When my clients receive a negative asylum decision from the Federal Office for Migration and Refugees (BAMF) and I explain to them what the enclosed information about return assistance is all about, they think it is a very bad joke. When people from Afghanistan, the most unsafe country in the world, are offered about EUR 1,000 in “start-up aid” for a return, it is not enough for them to buy safety and security. When people are supposed to be unilaterally advised of this option by governmental or semi-governmental agencies at the very beginning of their asylum procedure and before a decision is even made, and are to be enticed with financial offers to return to their country of origin, it is nothing less than an offer to sell their right to protection.
In a procedure guided by the rule of law and due process, and even more so in an asylum procedure having such an existential significance, and before a final decision, the state must not try to prevent people seeking protection from asserting their rights by offering them money. Human rights cannot be sold. And states cannot buy their way out of their responsibility for protection-seekers by offering them “return assistance” - as the European Court of Human Rights most recently ruled in 2019, in the case of a man who had “voluntarily” returned to Iraq from Finland and was shot dead there.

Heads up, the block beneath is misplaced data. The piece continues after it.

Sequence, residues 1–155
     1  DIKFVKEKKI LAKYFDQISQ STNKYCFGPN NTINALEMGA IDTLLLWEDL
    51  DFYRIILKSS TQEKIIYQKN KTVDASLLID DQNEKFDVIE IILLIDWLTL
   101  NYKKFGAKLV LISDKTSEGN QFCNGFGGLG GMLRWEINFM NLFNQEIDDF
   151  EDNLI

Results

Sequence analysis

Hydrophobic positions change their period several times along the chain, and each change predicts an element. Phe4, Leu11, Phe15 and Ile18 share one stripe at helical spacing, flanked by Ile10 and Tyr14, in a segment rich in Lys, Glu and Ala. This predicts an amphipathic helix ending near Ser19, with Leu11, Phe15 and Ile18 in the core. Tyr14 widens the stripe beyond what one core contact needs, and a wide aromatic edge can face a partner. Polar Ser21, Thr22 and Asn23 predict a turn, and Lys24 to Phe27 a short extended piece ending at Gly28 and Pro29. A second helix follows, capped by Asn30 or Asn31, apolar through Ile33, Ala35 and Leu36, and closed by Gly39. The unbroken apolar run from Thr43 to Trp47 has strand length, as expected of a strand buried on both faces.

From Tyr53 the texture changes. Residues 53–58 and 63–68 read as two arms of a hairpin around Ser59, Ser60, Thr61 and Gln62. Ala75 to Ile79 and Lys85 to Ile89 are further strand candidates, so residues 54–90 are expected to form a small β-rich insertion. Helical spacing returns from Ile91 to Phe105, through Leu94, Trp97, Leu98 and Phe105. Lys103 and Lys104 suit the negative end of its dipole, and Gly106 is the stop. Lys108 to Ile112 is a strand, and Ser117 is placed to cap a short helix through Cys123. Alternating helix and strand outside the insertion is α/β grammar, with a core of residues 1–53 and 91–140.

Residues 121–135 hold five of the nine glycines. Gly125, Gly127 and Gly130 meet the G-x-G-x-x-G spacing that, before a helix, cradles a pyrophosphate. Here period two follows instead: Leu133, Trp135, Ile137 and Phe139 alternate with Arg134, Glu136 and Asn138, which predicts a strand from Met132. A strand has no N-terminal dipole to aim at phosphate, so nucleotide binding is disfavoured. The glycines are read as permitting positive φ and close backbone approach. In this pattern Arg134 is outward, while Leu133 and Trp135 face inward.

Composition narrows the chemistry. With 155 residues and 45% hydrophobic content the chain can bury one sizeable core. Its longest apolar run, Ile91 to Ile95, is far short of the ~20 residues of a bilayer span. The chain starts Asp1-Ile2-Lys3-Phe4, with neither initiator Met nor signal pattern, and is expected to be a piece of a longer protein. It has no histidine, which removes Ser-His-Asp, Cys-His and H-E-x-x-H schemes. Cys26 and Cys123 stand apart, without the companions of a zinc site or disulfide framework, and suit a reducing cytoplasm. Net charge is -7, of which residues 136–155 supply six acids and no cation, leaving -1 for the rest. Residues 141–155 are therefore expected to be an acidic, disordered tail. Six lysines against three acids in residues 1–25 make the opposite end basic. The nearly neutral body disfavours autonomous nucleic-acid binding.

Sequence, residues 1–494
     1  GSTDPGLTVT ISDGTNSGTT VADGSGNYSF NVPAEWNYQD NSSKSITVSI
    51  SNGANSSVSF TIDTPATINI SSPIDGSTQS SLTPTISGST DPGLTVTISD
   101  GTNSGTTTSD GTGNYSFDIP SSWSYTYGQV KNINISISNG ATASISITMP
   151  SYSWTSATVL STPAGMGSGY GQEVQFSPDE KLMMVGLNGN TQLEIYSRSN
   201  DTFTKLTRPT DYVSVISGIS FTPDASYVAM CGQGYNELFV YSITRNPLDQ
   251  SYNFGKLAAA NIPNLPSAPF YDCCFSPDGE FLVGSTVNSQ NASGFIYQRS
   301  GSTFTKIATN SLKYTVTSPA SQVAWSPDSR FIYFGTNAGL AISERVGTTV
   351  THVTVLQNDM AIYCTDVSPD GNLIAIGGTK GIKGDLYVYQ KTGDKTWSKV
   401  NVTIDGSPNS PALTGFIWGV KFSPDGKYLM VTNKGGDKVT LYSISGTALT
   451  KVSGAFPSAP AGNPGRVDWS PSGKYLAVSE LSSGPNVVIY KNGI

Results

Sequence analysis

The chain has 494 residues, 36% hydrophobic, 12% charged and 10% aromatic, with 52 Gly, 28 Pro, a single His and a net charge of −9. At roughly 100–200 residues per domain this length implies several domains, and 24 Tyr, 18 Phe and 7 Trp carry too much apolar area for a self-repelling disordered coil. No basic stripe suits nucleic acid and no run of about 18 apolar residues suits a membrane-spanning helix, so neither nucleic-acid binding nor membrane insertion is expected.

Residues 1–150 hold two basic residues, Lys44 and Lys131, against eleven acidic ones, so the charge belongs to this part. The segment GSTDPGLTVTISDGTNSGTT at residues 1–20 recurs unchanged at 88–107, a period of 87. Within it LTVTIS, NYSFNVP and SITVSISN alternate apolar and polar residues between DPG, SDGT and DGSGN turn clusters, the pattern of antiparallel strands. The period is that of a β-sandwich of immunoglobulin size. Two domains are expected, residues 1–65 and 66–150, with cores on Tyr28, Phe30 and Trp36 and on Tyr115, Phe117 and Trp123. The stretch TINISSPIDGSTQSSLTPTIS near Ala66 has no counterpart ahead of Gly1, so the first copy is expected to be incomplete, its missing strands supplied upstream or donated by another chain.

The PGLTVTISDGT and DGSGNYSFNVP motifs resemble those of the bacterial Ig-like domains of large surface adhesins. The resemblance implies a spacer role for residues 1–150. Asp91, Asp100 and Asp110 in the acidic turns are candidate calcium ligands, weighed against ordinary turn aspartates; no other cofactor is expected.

“Assistance for voluntary return” is neither about help nor about voluntariness. It is not assistance because the purpose is not to seriously support and finance a desired remigration, but rather to increase the number of departures and to relieve the strain on the state’s deportation machinery. And it has nothing to do with voluntariness when people are faced with the choice of taking advantage of state-supported return while at the same time facing the threat of violent deportation.